When Philip told the eunuch that he could be baptized if he believed, the eunuch answered and said, “I believe that Jesus Christ is the Son of God” (Acts 8:37). Also, in Romans 10:9,10, we read that confession with the mouth is made towards salvation. In order to become obedient to the gospel, one must be able to confess Christ and to under-stand what the confession means. It is an awesome step to take. One has now committed his life to God.
Like the conversions that we read about in the book of Acts, those who obeyed the gospel of Christ were willing to be immersed in water (Rom. 6:3,4; Gal. 3:27). One must understand what baptism does and why it must be accomplished. Does one understand that by rendering obedience to the gospel, the Lord adds him to the church (Acts 2:47)? Does he understand that this is where he comes in contact with the blood of Christ (Col. 2:12,13)? Does he under-stand his responsibility after baptism to “walk in newness of life” (Rom. 6:4; 2 Cor. 5:17)?
When is a person ready to accept responsibility? At what age does this occur? There is no fixed or set time that can possibly fit everybody. All people are different, all from different backgrounds, and they will reach the decision to obey God at different times. Some reach it much sooner than others. So, how can we tell if they are ready?
We must remember that becoming a child of God is a personal decision. Obedience to the plan of God must be done by the individual. If a person will humbly submit himself to God’s word and obey the gospel, then he is ready!
While it might be necessary in some cases to question the young person as to why he is desiring to be baptized, very often his background will give you a hint as to whether or not he has sufficient knowledge and is ready to obey the gospel. Personally speaking, I may ask: “What is baptism for?” “Why do you feel you need to be baptized?” “What takes away the sin?” “Are you willing to commit your life to the Lord?”
We need to remember Felix in Acts 24:25, when he said, “Go thy way for this time; when I have a more convenient season, I will call for thee.” Sometimes we discourage the zeal and yearning one may have to obey the gospel, and then that zeal is never manifested again. One by being told he is “too young” may go in another direction in his life. Sadly, I have known this to happen on two occasions! We never want to tell a person “not to obey God,” especially when he has a desire to do so!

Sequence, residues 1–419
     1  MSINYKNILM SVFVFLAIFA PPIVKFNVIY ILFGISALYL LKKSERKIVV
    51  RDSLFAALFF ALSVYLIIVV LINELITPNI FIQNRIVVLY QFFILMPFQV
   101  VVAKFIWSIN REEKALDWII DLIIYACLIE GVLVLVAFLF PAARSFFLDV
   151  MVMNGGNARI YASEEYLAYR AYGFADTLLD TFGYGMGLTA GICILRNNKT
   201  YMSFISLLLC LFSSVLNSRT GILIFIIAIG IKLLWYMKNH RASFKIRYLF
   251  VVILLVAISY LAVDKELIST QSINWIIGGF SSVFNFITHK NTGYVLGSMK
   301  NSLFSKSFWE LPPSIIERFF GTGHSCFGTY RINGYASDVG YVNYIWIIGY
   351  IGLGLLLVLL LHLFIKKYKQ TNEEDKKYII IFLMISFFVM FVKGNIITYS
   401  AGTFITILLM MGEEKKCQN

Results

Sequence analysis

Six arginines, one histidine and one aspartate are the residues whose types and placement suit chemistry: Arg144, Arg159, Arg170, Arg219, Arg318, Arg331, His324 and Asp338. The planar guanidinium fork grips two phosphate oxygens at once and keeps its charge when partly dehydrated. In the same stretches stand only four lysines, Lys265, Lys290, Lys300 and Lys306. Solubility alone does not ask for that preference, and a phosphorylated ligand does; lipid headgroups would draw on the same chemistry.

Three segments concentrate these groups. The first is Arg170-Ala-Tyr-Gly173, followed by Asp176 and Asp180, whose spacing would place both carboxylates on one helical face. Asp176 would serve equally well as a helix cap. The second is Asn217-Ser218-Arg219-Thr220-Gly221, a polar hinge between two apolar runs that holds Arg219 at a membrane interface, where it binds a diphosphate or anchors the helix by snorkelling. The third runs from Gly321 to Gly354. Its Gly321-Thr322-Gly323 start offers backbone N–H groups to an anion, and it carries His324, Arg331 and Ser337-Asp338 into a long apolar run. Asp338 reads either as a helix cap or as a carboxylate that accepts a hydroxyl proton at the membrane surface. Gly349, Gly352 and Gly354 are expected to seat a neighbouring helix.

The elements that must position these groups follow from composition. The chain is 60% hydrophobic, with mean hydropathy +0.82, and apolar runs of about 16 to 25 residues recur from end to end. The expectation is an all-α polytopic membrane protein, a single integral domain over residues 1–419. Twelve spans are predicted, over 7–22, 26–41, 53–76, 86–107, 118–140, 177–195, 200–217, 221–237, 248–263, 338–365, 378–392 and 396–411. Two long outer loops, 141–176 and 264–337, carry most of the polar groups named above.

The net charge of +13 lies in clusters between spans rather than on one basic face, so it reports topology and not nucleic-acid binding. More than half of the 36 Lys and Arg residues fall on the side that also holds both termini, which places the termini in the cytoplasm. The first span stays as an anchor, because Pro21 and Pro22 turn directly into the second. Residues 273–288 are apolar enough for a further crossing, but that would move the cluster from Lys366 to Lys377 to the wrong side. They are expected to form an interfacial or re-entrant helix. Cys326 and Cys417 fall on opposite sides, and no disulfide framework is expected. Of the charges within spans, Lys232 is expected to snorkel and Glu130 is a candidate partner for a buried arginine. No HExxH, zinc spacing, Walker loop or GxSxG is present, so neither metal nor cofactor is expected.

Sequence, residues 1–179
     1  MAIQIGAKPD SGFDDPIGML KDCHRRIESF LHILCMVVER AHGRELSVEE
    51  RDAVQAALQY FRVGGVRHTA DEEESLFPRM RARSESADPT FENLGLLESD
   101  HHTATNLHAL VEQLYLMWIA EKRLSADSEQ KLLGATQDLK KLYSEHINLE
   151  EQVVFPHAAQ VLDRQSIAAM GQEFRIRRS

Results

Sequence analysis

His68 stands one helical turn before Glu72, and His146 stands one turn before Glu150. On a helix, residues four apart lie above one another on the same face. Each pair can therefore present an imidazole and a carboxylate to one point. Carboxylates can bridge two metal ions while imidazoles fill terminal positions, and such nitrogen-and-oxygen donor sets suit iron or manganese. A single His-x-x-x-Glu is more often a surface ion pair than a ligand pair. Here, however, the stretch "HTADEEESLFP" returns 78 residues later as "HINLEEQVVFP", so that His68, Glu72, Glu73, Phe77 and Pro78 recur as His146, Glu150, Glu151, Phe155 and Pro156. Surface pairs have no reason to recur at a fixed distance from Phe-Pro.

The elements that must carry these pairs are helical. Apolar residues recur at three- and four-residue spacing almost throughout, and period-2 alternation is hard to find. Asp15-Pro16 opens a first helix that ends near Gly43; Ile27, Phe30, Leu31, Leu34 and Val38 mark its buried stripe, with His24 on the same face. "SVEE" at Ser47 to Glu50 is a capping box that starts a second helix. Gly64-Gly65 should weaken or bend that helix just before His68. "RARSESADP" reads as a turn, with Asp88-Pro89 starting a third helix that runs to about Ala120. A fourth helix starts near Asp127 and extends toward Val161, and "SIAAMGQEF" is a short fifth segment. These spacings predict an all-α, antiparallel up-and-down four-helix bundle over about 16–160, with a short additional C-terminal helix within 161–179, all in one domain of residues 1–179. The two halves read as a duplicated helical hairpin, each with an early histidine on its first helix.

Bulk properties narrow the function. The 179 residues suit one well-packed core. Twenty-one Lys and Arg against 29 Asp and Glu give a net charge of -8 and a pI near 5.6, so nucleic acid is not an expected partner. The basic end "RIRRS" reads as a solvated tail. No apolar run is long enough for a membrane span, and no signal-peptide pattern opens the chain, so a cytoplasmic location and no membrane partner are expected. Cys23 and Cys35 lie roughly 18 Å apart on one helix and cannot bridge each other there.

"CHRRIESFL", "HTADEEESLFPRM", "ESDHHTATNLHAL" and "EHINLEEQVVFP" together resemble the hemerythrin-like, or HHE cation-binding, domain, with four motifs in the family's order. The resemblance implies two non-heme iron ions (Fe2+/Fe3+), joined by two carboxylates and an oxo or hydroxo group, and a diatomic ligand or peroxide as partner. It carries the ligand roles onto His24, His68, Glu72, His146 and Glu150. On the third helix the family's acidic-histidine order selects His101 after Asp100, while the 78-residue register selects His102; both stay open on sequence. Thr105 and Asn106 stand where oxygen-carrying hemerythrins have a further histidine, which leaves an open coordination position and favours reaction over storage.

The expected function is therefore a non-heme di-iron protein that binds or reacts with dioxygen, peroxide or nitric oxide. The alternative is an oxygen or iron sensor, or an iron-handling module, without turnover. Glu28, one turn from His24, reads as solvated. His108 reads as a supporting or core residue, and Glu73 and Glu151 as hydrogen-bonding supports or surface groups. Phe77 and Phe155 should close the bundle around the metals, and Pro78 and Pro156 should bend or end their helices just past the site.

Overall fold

Remember, that Timothy was taught as a child by his mother and grandmother (2 Tim. 1:5; 3:15). He knew about God and his duty to God from a very early age. Many of our children are brought up with the knowledge of God and his word from the pre-school years and up. I believe they learn more than we give them credit for! If a parent brings up his child in the “nurture and admonition of the Lord,” this child hopefully has greater knowledge than one who does not have this benefit. But parents, please do not rush your children into being baptized. Let them hear the gospel, believe the gospel, repent of their sins, confess faith in Christ, and then be baptized for the remission of sins. Only by doing so in this manner and for these reasons, will they be true children of God.
“But God be thanked, that ye were the servants of sin, but ye have obeyed from the heart that form of doctrine ” (Rom. 6:17). When they have done that, they have met the Lord’s requirements for salvation, whatever age they might be. “Can any forbid water, that these should not be baptized?” (Acts 10:47) My friends, if God would not, can we? G
Guardian of Truth XXXVIII: 10, p. 14-15
May 19, 1994